Fire Wave: This trail is different than the famous Wave in Arizona. For starters, this hike does not require a permit.
Distance: 0.6 miles one way (less than 15 mins)
Conditions/ temps: fully exposed 82-90 degrees when we went late Spring; would not recommend it in the summer unless you start super early but the park is only open from sunrise to sunset and I heard they strictly enforce sunset closing…
On my second trip out here, we hiked right before sunset to end the day and it was the perfect temps in late Feb… just rushed to get out before the park closed.
Elevation: min 1948 ft; max 2114 ft.
There’s also cell phone reception at the parking lot if you find yourself needing it.
AKA PETROGLYPH CANYON TRAIL
Mouse’s Tank Trail (aka Petroglyph Canyon Trail)!: I skipped this hike on my first visit given my short amount of time… but don’t skip it! It’s only 0.75-miles round trip and there are several petroglyphs along the trail. It’s very sandy, hikes through a canyon, and the end (Mouse’s Tank) wasn’t too impressive… BUT we found some other cool spots to check out off this trail:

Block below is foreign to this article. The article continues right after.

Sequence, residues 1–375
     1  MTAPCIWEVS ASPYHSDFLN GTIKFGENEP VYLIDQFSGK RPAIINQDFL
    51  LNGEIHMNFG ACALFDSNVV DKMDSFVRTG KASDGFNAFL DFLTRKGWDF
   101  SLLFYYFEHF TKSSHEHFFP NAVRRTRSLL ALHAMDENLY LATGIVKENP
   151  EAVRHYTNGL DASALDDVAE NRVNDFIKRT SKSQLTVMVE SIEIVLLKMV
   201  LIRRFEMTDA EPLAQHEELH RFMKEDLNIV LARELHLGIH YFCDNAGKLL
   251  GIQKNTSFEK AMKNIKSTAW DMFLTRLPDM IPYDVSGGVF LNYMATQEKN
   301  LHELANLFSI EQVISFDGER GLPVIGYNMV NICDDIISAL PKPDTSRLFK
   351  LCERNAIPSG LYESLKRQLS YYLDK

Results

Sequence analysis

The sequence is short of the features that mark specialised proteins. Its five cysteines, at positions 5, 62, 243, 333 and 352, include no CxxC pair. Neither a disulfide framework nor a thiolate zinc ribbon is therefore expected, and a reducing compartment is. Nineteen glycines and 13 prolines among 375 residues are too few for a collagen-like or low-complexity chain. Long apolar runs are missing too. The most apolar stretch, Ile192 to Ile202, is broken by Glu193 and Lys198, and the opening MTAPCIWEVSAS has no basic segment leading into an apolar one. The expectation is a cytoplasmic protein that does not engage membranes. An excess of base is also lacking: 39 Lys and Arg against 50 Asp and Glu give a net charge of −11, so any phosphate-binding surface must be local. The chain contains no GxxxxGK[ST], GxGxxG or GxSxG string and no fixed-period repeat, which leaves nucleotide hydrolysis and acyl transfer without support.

*Secluded views of the valley: When you reach Mouse’s Tank, hike up the rocks to your left for a beautiful and secluded view of the valley.
**See a secret arch! Right before you turn left at the end of the trail, continue straight along the wash for less than 5 mins and keep your eyes peeled on the right for the arch below.
Don’t skip the White Domes Trail!: I skipped this hike on my first visit and was pleasantly surprised by the beauty and variety of the trail on my second trip out here.
Distance: 1.25-mile loop
Conditions: hikes through a canyon for the first half, then a slot canyon, then it opens up completely exposed
Elevation gain: 108 ft
This trail hikes past an old movie set, through a small slot canyon, is surrounded by the most beautiful red rocks I’ve seen in the park, and we saw a lot of curious big horn sheep!
Pink Canyon aka Pastel Canyon: It’s a short 5 min walk to see the pink corral canyon, also known as Pastel Canyon. There’s no official trailhead and there’s only a small turnout on both sides on the road that fits 2-3 cars each. From the trailhead, head left and you’ll start to see the colors right away.